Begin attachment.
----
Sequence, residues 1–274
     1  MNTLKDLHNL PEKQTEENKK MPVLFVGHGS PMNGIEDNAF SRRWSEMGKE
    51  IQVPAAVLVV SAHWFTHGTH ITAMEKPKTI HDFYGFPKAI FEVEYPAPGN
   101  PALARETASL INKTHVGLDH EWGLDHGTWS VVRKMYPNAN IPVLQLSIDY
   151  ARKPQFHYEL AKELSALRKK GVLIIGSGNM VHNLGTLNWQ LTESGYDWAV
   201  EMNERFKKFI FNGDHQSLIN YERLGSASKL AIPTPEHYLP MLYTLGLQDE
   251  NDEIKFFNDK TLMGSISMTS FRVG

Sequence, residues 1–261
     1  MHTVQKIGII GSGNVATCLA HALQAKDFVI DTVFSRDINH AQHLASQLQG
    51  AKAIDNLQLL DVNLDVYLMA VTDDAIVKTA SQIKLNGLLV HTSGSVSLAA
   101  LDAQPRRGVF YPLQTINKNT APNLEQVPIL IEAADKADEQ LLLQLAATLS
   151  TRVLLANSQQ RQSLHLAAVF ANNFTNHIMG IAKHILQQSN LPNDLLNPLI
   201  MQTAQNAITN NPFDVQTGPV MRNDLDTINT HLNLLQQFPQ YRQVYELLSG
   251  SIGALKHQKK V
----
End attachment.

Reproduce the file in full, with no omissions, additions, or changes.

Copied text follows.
Sequence, residues 1–274
     1  MNTLKDLHNL PEKQTEENKK MPVLFVGHGS PMNGIEDNAF SRRWSEMGKE
    51  IQVPAAVLVV SAHWFTHGTH ITAMEKPKTI HDFYGFPKAI FEVEYPAPGN
   101  PALARETASL INKTHVGLDH EWGLDHGTWS VVRKMYPNAN IPVLQLSIDY
   151  ARKPQFHYEL AKELSALRKK GVLIIGSGNM VHNLGTLNWQ LTESGYDWAV
   201  EMNERFKKFI FNGDHQSLIN YERLGSASKL AIPTPEHYLP MLYTLGLQDE
   251  NDEIKFFNDK TLMGSISMTS FRVG

Sequence, residues 1–261
     1  MHTVQKIGII GSGNVATCLA HALQAKDFVI DTVFSRDINH AQHLASQLQG
    51  AKAIDNLQLL DVNLDVYLMA VTDDAIVKTA SQIKLNGLLV HTSGSVSLAA
   101  LDAQPRRGVF YPLQTINKNT APNLEQVPIL IEAADKADEQ LLLQLAATLS
   151  TRVLLANSQQ RQSLHLAAVF ANNFTNHIMG IAKHILQQSN LPNDLLNPLI
   201  MQTAQNAITN NPFDVQTGPV MRNDLDTINT HLNLLQQFPQ YRQVYELLSG
   251  SIGALKHQKK V